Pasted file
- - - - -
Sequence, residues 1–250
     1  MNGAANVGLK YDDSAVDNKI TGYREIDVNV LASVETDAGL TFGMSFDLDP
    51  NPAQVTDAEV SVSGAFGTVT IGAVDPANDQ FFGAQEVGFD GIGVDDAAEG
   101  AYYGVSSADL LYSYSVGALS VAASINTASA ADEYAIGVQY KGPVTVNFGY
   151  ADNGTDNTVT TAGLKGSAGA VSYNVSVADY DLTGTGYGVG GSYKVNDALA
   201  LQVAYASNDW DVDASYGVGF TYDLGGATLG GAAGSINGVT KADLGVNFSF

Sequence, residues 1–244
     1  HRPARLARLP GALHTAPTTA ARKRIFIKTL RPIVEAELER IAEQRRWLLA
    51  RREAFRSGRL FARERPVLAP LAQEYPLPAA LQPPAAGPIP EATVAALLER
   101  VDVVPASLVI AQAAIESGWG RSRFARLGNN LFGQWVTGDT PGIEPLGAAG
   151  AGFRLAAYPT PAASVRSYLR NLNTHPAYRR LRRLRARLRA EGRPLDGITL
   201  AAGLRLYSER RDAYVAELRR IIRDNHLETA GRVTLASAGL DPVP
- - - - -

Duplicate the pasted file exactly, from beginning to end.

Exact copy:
Sequence, residues 1–250
     1  MNGAANVGLK YDDSAVDNKI TGYREIDVNV LASVETDAGL TFGMSFDLDP
    51  NPAQVTDAEV SVSGAFGTVT IGAVDPANDQ FFGAQEVGFD GIGVDDAAEG
   101  AYYGVSSADL LYSYSVGALS VAASINTASA ADEYAIGVQY KGPVTVNFGY
   151  ADNGTDNTVT TAGLKGSAGA VSYNVSVADY DLTGTGYGVG GSYKVNDALA
   201  LQVAYASNDW DVDASYGVGF TYDLGGATLG GAAGSINGVT KADLGVNFSF

Sequence, residues 1–244
     1  HRPARLARLP GALHTAPTTA ARKRIFIKTL RPIVEAELER IAEQRRWLLA
    51  RREAFRSGRL FARERPVLAP LAQEYPLPAA LQPPAAGPIP EATVAALLER
   101  VDVVPASLVI AQAAIESGWG RSRFARLGNN LFGQWVTGDT PGIEPLGAAG
   151  AGFRLAAYPT PAASVRSYLR NLNTHPAYRR LRRLRARLRA EGRPLDGITL
   201  AAGLRLYSER RDAYVAELRR IIRDNHLETA GRVTLASAGL DPVP